chapter 17
Protein and Amino Acid Metabolism
takes up significant quantities of valine and
may be a major (if not primary) site of utilization of
branched-chain amino acids. Glutamate, aspartate, and
glycine are
Glutamate is a precursor of
y-aminobutyrate; tyrosine of dopamine, norepinephrine,
and epinephrine; and tryptophan of serotonin, all of which
are neurotransmitters. Inactivation of neurotransmitters in-
volves deamination with production of ammonia, which is
removed by formation of glutamine. N-acetylaspartate oc-
curs in high levels in the brain but its function is not known.
It is synthesized from acetyl-CoA and aspartic acid cat-
alyzed by acetyl-CoA aspartate N-acetyl transferase. As-
partoacylase catalyzes the hydrolysis of N-acetylaspartate
to acetate and aspartic acid. The deficiency of aspartoa-
cylase, which is inherited as an autosomal recessive trait,
is associated with degenerative brain changes. Patients of
this disorder, also known as
Canavan dystrophy,
are usu-
ally of Eastern European Jewish heritage.
17.2 Metabolism of Ammonia
(at physiological pH, 98.5% exists as N H j), the
highly toxic product of protein catabolism, is rapidly in-
activated by a variety of reactions. Some products of these
reactions are utilized for other purposes (thus salvaging a
portion of the amino nitrogen), while others are excreted.
The excreted form varies quite widely among vertebrate
and invertebrate animals. The development of a pathway
for nitrogen disposal in a species appears to depend chiefly
on the availability of water. Thus, urea is excreted in
terrestrial vertebrates (
ureotelic organisms)',
ammonia in
aquatic animals (
ammonotelic organisms)',
and uric acid
(in semisolid form) in birds and land-dwelling reptiles
(uricotelic organisms).
During their aquatic phase of
development amphibia excrete ammonia but the adult frog
excretes urea; during metamorphosis the liver produces the
enzymes required for their synthesis. In humans, ammonia
is excreted mostly as urea, which is highly water-soluble,
is distributed throughout extracellular and intracellular
body water, is nontoxic and metabolically inert, has a high
nitrogen content (47%), and is excreted via the kidneys.
Ammonia is produced by deamination of glutamine,
glutamate, other amino acids, and adenylate. A consid-
erable quantity is derived from intestinal bacterial en-
zymes acting on urea and other nitrogenous compounds.
The urea comes from body fluids that diffuse into the in-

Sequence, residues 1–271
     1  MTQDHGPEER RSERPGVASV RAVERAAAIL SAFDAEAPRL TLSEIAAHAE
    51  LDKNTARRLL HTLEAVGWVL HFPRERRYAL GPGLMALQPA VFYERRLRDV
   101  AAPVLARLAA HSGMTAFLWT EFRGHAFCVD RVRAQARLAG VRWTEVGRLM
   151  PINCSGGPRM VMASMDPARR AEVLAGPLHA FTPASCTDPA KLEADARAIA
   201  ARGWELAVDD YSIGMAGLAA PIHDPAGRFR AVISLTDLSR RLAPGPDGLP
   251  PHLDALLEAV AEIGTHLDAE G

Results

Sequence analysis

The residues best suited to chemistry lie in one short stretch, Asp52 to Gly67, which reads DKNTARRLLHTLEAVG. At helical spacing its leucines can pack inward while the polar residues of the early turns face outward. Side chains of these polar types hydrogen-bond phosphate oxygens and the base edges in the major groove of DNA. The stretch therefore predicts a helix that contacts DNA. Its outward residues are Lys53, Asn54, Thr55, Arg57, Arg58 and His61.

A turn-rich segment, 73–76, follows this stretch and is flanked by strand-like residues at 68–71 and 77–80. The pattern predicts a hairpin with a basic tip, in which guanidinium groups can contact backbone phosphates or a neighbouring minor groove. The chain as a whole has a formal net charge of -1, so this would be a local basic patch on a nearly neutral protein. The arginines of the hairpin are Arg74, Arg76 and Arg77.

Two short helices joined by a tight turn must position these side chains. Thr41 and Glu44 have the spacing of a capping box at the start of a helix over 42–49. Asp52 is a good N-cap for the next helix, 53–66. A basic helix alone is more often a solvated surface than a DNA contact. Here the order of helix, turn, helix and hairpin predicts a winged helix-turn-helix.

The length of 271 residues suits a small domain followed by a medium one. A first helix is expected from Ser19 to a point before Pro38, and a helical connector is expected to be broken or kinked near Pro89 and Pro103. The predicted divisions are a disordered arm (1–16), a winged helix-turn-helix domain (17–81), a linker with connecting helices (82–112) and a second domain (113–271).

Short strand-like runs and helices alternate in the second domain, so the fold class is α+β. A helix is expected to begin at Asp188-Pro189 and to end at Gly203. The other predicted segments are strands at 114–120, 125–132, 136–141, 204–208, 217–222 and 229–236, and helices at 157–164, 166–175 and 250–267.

testine, and the other nitrogenous products are derived
from intestinal metabolism (e.g., glutamine) and ingested
protein. The ammonia diffuses across the intestinal mu-
cosa to the portal blood and is converted to urea in the
Ammonia is particularly toxic to brain but not to
other tissues, even though levels in those tissues may
increase under normal physiological conditions (e.g., in
muscle during heavy exercise in kidney during metabolic
acidosis). Several hypotheses have been suggested to
explain the mechanism of neurotoxicity.
In brain mitochondria, excess ammonia may drive the
reductive amination of a-ketoglutarate by glutamate de-
hydrogenase. This step may deplete a key intermedi-
ate of the TCA cycle and lead to its impairment, with
severe inhibition of respiration and considerable stim-
ulation of glycolysis. Since the [NAD+]/[NADH] ratio
will be high in mitochondria, there will be a decrease
in the rate of production of ATP. This hypothesis does
not explain why the same result does not occur in tis-
sues that are not affected by ammonia. A more plau-
sible hypothesis is depletion of glutamate which is an
excitatory neurotransmitter. Glutamine, synthesized and
stored in glial cells, is the most likely precursor of glu-
tamate. It is transported into the neurons and hydrolyzed
by glutaminase. Ammonia inhibits glutaminase and de-
pletes the glutamate concentration. A third hypothesis
invokes neuronal membrane dysfunction, since elevated
levels of ammonia produce increased permeability to K+
and Cl- ions, while glycolysis increases H+ ion concen-
tration (NHj stimulates
-phosphofructokinase; Chap-
ter 13). Encephalopathy of hyperammonemia is charac-
terized by brain edema and astrocyte swelling. Edema and
swelling have been attributed to intracellular accumulation
of glutamine which causes osmotic shifts of water into the
Behavioral disorders such as
sleep distur-
bances, and
pain insensitivity
associated with hyperam-
monemia have been attributed to increased tryptophan
transport across the blood-brain barrier and the accumu-
lation of its metabolites. Two of the tryptophan-derived
metabolites are serotonin and quinolinic acid (discussed
later). The latter is an excitotoxin at the N-methyl-D-
aspartate (NMDA) glutamate receptors. Thus, the mecha-
nism of the ammonium-induced neurological abnormali-
ties is multifactorial. Normally only small amounts of NH
(i.e., NH^ ) are present in plasma, since NH
is rapidly re-
moved by reactions in tissues of glutamate dehydrogenase,
glutamine synthase, and urea formation.
Urea Synthesis
contained in the blood flowing through the hep-
atic lobule is removed by the hepatocytes and converted
into urea. Periportal hepatocytes are the predominant sites
of urea formation. Any ammonia that is not converted
to urea may be incorporated into glutamine catalyzed
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